Like Churchill, Trump must never give in, never!

Like Churchill, Trump must never give in, never!
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This day, Jan. 24, marks 51 years since the death of the great statesman Winston Churchill, one of the most important men of modern times. After attending a pre-screening of the film, “The Darkest Hour,” a few months ago, I plunged myself obsessively into a tidal wave of his biographies, of which there are many. And why? Because he was, without hyperbole, the most important individual of the 20th century. He single-handedly saved the world from a period of darkness where inhumane, bloodthirsty men would have ruled and set humanity on a very bleak course.

Most of his biographers agree that, such were his personal qualities, only he could have done it. Though some important points of divergence exist, as one studies Churchill, it is striking that there are many parallels — in personality and in situation — with President TrumpDonald TrumpGOP grapples with chaotic Senate primary in Pennsylvania ​​Trump social media startup receives commitment of billion from unidentified 'diverse group' of investors Iran thinks it has the upper hand in Vienna — here's why it doesn't MORE.


Inaugurated as the 45th U.S. president one year ago, fortunately Donald Trump has not had to deal with anything as urgent as standing alone to defend the Free World against the Nazis. But  he does have our most recent fearsome foe, ISIS, on the run. Moreover, like Churchill, who succeeded Neville Chamberlain, Trump follows a government head who misunderstood and was ill-equipped to face the threat from the Western world’s most feared enemy — in this case, radical Islam.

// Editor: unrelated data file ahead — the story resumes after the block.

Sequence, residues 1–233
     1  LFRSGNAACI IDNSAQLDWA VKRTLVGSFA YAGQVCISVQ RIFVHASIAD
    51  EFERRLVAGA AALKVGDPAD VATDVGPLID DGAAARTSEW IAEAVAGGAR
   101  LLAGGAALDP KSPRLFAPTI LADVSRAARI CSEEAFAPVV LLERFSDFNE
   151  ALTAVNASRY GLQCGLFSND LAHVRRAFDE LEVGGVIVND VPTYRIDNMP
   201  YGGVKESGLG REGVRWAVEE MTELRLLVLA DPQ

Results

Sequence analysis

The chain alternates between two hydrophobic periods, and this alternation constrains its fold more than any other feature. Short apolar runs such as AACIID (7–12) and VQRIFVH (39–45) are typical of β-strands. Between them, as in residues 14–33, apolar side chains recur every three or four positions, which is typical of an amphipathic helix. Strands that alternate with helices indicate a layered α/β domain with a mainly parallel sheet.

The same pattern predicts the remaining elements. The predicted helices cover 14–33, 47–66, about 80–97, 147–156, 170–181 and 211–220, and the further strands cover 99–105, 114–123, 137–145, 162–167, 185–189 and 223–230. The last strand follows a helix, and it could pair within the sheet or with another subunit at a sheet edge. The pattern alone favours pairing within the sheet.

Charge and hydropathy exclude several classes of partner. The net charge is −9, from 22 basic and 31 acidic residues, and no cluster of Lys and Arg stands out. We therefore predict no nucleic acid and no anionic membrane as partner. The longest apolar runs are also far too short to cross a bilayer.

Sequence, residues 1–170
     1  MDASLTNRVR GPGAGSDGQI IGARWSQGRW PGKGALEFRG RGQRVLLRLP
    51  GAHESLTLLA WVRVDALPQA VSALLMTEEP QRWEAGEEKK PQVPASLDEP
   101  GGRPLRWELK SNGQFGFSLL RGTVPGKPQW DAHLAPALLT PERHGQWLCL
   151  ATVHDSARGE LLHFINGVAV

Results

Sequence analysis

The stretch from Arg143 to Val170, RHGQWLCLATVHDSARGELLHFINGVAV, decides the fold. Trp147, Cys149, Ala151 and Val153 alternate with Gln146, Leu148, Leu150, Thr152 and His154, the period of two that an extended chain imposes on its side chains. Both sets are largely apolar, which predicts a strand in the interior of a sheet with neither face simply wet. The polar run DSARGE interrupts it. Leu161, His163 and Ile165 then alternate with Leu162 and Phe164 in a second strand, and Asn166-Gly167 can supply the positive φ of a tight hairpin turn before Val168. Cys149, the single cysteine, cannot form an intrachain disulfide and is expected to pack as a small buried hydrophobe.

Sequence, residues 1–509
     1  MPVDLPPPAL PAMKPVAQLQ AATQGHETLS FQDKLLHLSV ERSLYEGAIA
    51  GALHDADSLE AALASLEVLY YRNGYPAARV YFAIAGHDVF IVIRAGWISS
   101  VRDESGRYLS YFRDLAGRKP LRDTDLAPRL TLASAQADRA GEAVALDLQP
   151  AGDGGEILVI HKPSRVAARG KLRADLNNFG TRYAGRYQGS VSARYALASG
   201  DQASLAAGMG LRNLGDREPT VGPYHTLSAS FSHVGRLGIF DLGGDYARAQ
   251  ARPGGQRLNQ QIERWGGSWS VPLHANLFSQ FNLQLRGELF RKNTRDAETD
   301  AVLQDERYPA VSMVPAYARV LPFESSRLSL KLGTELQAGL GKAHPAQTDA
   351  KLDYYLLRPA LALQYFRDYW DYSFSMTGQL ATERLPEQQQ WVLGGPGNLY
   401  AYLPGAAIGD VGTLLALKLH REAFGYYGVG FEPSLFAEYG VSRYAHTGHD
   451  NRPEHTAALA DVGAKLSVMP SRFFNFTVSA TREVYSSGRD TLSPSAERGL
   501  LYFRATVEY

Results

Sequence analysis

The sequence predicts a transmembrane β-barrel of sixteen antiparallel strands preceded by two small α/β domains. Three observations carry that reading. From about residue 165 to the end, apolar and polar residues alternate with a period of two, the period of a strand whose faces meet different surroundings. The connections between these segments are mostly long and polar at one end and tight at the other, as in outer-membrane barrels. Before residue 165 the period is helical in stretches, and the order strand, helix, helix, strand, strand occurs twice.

Both Churchill and Trump inherited situations in which their predecessors preferred to negotiate with an enemy bent on their nations’ destruction, rather than to fight. It was against President Obama’s narrative to even utter the words “Islamic terrorism.” He saw the ill-conceived Iran nuclear “deal” as an opportunity to appease a foe, not unlike Chamberlain and Britain’s foreign secretary, Lord Halifax, who contemplated a similarly misguided “deal” with the Nazis, fortunately thwarted by Churchill.  

Churchill opposed appeasement with every shred of his being. What better justification for this notion than his own words: “We shall defend our island, whatever the cost may be, we shall fight on the beaches, we shall fight on the landing grounds, we shall fight in the fields and in the streets, we shall fight in the hills; we shall never surrender.”

Compare to Trump’s speech last month in which he laid out his defense strategy: “What we have built here in America is precious and unique. We must love and defend it, we must guard it with vigilance and spirit, and if necessary, like so many before us, with our very lives.

So, too, are Churchill and Trump united in the hostility they faced, from both opposition and their own parties, as well as the media. In almost identical fashion, Trump and Churchill are attacked by elements in their respective parties which distrust and scorn their approaches, on grounds of opportunism, suffused with ego.